outdoor yield per plant

How To Maximise Yields Growing Marijuana Outdoors

Growing Marijuana outdoors is one of the best pleasures in life. The local climate plays a big part along with many other variables, below is a list of key points and tips to consider when growing Marijuana outdoors.

Growing Marijuana Outdoors: Location

The location where you are growing marijuana seeds is a big player in the outcome of your yields. We have a clear overview on our website of which zone is most suitable for each outdoor strain and auto flowering strain. There are certain strains that are better suited for hot sunny climates and some that will perform just as well in colder climates like The Netherlands.

When Do Most Photoperiod Plants Begin To Flower?

Indica varieties will begin to show signs of pre-flowering and stretching earlier than varieties that are more Sativa dominant. Plants need certain light cycles to induce the hormone production that triggers flowering. A plant can be kept in a vegetative state as long as it receives more than 12 hours of light. In nature the daylight hours are at their longest during the months of June and July. As August gets closer, many varieties will display a burst of white pistil pre flowers whilst stretching, indicating that the blooming cycle has been induced. Sativa varieties can take longer to show initial signs of flowering and also naturally take longer to bloom and ripen. If you are growing Marijuana outdoors in a tropical environment that receives a lot of light, both Indica and Sativa varieties will start flowering around August. Indica varieties will finish their flowering cycle by mid September. Sativa varieties will take 12 weeks to finish flowering and fully ripen, these can usually be harvested towards the end of October.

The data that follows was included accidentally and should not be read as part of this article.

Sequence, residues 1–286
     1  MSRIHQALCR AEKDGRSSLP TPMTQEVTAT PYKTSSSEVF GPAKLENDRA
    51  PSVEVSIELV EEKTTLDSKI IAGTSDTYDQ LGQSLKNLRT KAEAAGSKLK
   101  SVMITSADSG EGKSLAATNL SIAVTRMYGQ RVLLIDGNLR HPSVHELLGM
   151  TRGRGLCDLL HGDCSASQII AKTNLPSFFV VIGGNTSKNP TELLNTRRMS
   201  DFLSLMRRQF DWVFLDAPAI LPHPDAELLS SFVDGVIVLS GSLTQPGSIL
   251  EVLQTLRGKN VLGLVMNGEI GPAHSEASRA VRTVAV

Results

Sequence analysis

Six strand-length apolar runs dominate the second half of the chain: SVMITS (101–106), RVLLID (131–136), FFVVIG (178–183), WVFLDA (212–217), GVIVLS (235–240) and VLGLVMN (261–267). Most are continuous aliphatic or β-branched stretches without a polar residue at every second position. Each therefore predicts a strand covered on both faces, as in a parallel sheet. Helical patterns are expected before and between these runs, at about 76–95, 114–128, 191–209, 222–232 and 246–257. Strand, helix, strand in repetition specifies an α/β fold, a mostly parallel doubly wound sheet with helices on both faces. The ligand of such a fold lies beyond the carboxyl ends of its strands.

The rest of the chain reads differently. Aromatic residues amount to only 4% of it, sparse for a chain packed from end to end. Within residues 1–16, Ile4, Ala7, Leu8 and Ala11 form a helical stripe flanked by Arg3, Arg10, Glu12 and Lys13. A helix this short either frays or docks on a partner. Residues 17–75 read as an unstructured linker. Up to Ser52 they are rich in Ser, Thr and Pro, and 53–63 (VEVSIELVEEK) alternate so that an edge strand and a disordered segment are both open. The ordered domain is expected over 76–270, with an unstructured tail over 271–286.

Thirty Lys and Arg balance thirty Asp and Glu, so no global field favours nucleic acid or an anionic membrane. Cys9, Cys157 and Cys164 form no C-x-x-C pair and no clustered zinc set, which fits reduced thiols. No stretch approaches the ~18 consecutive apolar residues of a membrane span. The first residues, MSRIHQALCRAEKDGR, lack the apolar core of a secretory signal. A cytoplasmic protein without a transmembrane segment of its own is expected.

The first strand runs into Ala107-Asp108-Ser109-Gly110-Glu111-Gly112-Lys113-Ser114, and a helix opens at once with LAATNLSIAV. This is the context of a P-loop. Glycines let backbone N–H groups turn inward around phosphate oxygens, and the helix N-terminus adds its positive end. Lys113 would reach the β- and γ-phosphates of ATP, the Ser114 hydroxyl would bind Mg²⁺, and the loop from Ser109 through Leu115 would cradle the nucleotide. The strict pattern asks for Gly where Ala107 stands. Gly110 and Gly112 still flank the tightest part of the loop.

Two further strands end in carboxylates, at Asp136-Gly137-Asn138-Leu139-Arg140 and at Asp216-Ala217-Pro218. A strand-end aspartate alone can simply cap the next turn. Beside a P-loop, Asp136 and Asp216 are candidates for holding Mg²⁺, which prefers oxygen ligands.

South Facing Is What You Want

In the northern hemisphere, the sun will always set in the south, so if you can grow Marijuana outdoors in a south facing location you can ensure your plants receive the most light possible. The hottest part of the day will be from 12pm until 3pm, after this point you want the plant to receive as much light as it can. In the evening the light will be less intense than throughout the day, however an extra few hours of sunlight every day will make a huge difference over the upcoming months.

Growing Marijuana Seeds Under Direct Sunlight

If you are germinating Cannabis seeds directly into the soil or growing medium and begin to grow directly in the sun, this can be the perfect start in many ways. Firstly the soil is gently heated to an optimum temperature to promote root development. Another reason is that the amount of lumens the sun produces is the highest you can achieve. Therefore as long as the actual temperatures are not too cold or too hot, seedlings can be grown under direct sunshine in any of the zones indicated on our website.

What Temperatures Are Too Hot And Cold For Growing Marijuana?

The temperature of the environment is a huge factor in root growth, plant growth, vigour and overall yield. When growing Marijuana indoors, the objective is to replicate the outdoor environment indoors. Therefore your daytime temperatures during the growing phase should be 22-25 °C and 17-19 °C at night.

Growing Marijuana outdoors can be more difficult depending on where you live. Temperature can strongly affect root growth if it is too high or too low. Avoid temperatures below 10 °C if you are in a colder climate, especially if the plant has just been watered. In hot climates, temperatures over 30 °C can cause serious stress and humidity issues and slow down plant growth. High temperatures can also encourage excess transpiration and can cause the plant to adapt to these dry conditions by slowing down its metabolism.

Starting Them Off Right

As spring approaches, it is a good idea to start your plants off indoors for the first week rather than planting directly outside. This is to give them the best possible start and to ensure they are protected from any insects or bugs that may want to harm the plant in this early stage. When growing Marijuana outdoors, there is nothing worse than discovering your freshly germinated seedlings have been eaten overnight. A good way to ensure that the young plants stay protected is to place large plastic cups over them during the night. This way you can sleep knowing that during this important time in the plant’s life, there are no unnecessary setbacks caused by nature.

Pot Size And Growing Medium